From factories in the rusting industrial northeast to a tabloid newsroom in the booming south, from a small-town courtroom to the plush offices of the nation's wealthiest tycoons, Pan speaks with men and women fighting and sacrificing for change. An elderly surgeon exposes the government's cover-up of the SARS epidemic. A filmmaker investigates the execution of a student in the Cultural Revolution. A blind man is jailed for leading a crusade against forced abortions carried out under the one-child policy.
Out of Mao's Shadow offers a startling perspective on China and its remarkable transformation, challenging conventional wisdom about the political apathy of the Chinese people and the notion that prosperity leads automatically to freedom. Like David Remnick's Lenin's Tomb, this is the moving story of a nation in transition, of a people coming to terms with their past.
©2008 Philip P. Pan; (P)2008 Tantor
"The...intersecting stories he tells here are gritty and real." (Washington Post)
A very interesting and well written book. He artfully displays the challenges facing China of dealing with the abuses of its past while facing the future.
The narrator has an excellent voice, yet he butchers the pronounciation of most Chinese names. It often took me some time to understand what city or province he was talking about. I found this distracting, but non-Chinese speakers will probably never notice.
Citizens do not have the right to vote. There is only one party...one point of view. There is no freedom of the press. Private property is not legally enforced. There is no eminent domain. You are not 'innocent until proven guilt.' The government is allowed to detain you without explanation. Public officials embezzle tax dollars to fund quasi-private companies. There is no taxation with representation. Politicians who speak out against the party are 'erased' from the history books. The Internet is censored. Child labor laws are unenforced. The Chinese peasantry pay higher taxes than urban dwellers. Unions and collective bargaining are illegal, which is a BIG surprise in a supposedly communist country where 'workers of the world' once united! No, this is an authoritarian regime that uses socialist dogma to keep order, but cannibalizes capitalism to fatten up the politcial elite.
Many Americans are becoming curious about China. A new generation is emerging in the United States that never knew the Soviet Union and wonders if China will seriously pose a threat. After reading this book, the greatest long-term threat China poses will be the awful calamity that follows a true government failure, and the reaction of the one billion people who are dependent on it.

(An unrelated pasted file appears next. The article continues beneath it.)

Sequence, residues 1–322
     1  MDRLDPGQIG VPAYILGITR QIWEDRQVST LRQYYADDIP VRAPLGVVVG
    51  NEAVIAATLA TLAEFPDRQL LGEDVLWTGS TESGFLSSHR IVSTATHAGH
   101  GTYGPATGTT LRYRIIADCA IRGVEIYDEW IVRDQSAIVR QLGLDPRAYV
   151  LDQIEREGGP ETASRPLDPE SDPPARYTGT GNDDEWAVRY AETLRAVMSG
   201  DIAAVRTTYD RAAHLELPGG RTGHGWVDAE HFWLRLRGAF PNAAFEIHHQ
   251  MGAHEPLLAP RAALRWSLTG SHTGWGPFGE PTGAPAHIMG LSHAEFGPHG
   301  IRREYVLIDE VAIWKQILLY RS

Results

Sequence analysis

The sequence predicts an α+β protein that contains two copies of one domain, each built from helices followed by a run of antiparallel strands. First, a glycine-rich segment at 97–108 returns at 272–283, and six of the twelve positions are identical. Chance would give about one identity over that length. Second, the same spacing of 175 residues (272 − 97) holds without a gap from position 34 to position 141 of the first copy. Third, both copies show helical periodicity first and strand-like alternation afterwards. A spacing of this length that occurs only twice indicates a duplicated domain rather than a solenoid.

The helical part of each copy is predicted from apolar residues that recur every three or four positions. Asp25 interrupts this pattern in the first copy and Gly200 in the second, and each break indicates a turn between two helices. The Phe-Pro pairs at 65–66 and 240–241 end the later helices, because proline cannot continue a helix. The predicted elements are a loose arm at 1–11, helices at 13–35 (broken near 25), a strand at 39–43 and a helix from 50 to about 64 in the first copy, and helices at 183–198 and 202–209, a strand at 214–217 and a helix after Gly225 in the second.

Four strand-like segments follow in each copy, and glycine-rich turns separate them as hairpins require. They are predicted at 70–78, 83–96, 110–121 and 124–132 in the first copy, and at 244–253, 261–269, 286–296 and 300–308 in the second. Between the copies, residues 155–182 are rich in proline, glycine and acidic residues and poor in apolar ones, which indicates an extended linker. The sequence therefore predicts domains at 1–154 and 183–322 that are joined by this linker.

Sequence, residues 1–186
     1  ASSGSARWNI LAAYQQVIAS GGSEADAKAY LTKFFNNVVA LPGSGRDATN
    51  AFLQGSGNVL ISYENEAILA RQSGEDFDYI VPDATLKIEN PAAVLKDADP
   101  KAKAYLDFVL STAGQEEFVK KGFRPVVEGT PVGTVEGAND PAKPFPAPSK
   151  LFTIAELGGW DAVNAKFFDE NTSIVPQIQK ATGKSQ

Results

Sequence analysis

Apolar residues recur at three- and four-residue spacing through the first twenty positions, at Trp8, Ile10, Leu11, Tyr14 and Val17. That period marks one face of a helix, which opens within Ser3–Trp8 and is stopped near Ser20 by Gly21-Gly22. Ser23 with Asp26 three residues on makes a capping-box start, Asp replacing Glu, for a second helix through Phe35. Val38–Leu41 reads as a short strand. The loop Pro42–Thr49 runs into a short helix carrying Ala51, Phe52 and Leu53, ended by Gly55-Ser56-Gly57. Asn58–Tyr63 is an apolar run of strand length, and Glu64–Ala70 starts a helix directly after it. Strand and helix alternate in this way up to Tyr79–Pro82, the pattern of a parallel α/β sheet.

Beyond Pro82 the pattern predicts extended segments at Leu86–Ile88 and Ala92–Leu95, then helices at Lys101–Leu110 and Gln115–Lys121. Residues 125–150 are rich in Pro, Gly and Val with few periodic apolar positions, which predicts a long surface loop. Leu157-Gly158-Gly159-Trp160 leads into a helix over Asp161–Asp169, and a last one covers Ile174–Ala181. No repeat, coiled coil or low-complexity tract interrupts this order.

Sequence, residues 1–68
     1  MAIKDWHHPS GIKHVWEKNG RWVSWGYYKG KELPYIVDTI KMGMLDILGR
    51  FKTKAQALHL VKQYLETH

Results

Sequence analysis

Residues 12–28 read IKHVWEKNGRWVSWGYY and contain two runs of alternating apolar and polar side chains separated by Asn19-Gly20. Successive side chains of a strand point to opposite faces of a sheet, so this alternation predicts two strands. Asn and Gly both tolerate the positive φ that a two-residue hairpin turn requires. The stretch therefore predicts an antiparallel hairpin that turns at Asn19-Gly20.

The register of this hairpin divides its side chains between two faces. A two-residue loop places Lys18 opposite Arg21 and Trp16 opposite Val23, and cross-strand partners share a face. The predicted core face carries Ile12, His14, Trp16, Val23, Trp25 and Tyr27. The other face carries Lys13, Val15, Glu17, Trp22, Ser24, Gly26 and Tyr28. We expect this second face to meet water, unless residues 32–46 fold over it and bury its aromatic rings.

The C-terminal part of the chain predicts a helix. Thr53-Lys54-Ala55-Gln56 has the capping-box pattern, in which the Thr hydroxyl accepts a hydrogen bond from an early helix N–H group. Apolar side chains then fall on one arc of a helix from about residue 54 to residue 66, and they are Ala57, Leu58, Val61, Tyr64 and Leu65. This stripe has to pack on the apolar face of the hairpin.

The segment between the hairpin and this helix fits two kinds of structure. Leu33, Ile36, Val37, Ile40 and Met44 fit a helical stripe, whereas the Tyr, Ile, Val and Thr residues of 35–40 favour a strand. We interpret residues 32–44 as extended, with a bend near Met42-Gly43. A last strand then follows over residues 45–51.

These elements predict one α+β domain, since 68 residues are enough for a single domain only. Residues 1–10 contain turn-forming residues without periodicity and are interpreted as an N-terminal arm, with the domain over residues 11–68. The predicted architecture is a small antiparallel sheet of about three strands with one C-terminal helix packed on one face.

The book details the lives of several Chinese citizens who endured specific struggles against their government officials and decrees. Their stories are very personal and wide-ranging in the scope of problems the author identifies.
China's politicians are riding the whirlwind of modern banking, cheap labor, and foriegn investment, but the Chinese people themselves are STILL on the BENCH....what's there to like about that?
mostly nonfiction listener
China books tend to fall into two categories: those books that see China the future (positives) and those books that see China has corrupt and fragile (negatives). Pan, a Pulitizer winning journalist for the Washington Post, is clearly in the latter camp. Rather then falling in love with China, Pan is cleared eyed enough to see the devastation and continuing scars inflected by the authoritarian Communist government, including the starvation of the Great Leap Forward, the repression of the Cultural Revolution, the harshness of the One Child Policy, and the violence of the Tiananmen Square crackdowns. His method is to spend a great deal of time telling the stories of the individuals who have struggled under the authoritarian system, and then to extrapolate to problems in the larger society.
Pan is not hopeful that China will be able to reform its political system, nor does he think economic growth will be rapid or widespread enough to avoid violence. I appreciated the authors willingness to spend so much time with a few emblematic characters, but I found that his main thesis need to be supported with a wider lens and great analysis of economic, social, technical and democratic trends.
Philip Pan provides us with a moving picture of what has happened to China since Mao. Using anecdotes and a continuing narrative related to his work as a documentary film maker, allows the listener to emotionally grasp what China is like. He does this in a way not always offered by other books on the same topic. Therefore, this was particularly satisfying to me.
It is well written, wonderfully ready, and insightful. Come to the material with an open mind and let the author touch your mind and emotions. Accept the book for what it is and you will not be disappointed.
This showed china's shadowy past and present. although this book is very biased towards the superiority of democracy. Even though they are the same and had the same corruption in the US back in the time of standard steel and oil. I advise all to think each page they read and not make the easy conclusion.
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